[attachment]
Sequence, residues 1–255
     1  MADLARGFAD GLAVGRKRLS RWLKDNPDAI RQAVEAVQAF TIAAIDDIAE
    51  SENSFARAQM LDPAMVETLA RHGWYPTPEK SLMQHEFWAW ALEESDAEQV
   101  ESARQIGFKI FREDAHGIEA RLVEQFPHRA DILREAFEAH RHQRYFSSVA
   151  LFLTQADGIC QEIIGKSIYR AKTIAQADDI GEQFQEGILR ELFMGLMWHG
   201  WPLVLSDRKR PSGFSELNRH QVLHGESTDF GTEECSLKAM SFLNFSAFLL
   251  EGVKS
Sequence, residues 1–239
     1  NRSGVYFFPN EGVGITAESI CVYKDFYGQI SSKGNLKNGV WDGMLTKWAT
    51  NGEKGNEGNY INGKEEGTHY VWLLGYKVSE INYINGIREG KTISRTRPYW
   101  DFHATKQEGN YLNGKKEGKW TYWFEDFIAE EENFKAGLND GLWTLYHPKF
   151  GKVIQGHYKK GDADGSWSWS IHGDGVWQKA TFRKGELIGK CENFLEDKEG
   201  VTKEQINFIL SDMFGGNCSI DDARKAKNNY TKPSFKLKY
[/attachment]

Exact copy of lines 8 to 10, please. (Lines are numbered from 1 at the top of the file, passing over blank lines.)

Sequence, residues 1–239
     1  NRSGVYFFPN EGVGITAESI CVYKDFYGQI SSKGNLKNGV WDGMLTKWAT
    51  NGEKGNEGNY INGKEEGTHY VWLLGYKVSE INYINGIREG KTISRTRPYW